If you are a gamer, a fantasy lover, a geek who was always looking to find a way to fit in, then Felicia will likely speak to you and you will feel a connection to her story. If you are the type of person geeks had to hide from, then I recommend this to help enlighten you. You can find the book on Amazon for $8.80 in paperback, $10.99 in hardcover, and for $11.99 in Kindle format.

Synopsis: From online entertainment mogul, actress, and “queen of the geeks” Felicia Day, a funny, quirky, and inspiring memoir about her unusual upbringing, her rise to Internet-stardom, and embracing her individuality to find success in Hollywood.

The Internet isn’t all cat videos. There’s also Felicia Day—violinist, filmmaker, Internet entrepreneur, compulsive gamer, hoagie specialist, and former lonely homeschooled girl who overcame her isolated childhood to become the ruler of a new world… or at least semi-influential in the world of Internet Geeks and Goodreads book clubs.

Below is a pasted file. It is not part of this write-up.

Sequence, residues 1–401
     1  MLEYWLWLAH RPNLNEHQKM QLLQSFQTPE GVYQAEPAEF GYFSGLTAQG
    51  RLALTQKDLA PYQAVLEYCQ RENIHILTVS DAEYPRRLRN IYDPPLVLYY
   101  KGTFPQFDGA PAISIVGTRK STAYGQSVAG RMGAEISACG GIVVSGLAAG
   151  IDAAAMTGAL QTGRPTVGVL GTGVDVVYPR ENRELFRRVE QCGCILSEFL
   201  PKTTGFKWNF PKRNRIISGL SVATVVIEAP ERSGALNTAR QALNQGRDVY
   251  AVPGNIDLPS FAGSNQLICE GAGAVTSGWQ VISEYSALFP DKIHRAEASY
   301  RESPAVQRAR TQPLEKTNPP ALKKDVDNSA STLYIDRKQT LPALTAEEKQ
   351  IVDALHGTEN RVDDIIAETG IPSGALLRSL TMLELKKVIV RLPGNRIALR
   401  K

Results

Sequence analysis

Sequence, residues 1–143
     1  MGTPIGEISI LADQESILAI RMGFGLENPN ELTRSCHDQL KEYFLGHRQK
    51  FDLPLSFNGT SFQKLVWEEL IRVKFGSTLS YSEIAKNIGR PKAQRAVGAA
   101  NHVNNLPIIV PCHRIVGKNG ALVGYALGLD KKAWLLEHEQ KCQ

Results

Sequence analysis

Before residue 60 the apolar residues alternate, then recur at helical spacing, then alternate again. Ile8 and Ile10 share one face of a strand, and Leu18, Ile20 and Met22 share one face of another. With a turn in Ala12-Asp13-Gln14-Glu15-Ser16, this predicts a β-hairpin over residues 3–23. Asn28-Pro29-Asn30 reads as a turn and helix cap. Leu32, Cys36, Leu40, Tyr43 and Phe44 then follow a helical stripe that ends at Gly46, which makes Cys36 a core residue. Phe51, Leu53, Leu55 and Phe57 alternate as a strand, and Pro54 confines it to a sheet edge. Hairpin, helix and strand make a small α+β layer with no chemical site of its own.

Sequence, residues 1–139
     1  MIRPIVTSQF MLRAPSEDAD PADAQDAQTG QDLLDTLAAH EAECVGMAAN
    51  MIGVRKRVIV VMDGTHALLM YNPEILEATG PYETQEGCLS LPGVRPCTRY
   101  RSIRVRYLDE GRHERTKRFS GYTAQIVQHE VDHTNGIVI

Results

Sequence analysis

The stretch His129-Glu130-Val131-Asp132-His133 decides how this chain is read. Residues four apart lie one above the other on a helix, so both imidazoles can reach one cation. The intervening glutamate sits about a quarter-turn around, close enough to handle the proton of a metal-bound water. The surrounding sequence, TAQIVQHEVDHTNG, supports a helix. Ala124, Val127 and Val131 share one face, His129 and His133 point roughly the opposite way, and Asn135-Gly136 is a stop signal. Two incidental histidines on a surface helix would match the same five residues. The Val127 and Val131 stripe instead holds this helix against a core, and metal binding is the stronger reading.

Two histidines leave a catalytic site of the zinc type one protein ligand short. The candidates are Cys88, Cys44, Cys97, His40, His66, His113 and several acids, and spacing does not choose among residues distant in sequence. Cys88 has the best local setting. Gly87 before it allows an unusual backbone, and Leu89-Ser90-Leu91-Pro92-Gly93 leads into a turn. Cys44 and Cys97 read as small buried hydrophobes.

After growing up in the south where she was “home-schooled for hippie reasons”, Felicia moved to Hollywood to pursue her dream of becoming an actress and was immediately typecast as a crazy cat-lady secretary. But Felicia’s misadventures in Hollywood led her to produce her own web series, own her own production company, and become an Internet star.

Felicia’s short-ish life and her rags-to-riches rise to Internet fame launched her career as one of the most influential creators in new media. Now, Felicia’s strange world is filled with thoughts on creativity, video games, and a dash of mild feminist activism—just like her memoir.

Hilarious and inspirational, You’re Never Weird on the Internet (Almost) is proof that everyone should embrace what makes them different and be brave enough to share it with the world, because anything is possible now—even for a digital misfit.

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This entry was posted by thruthewords.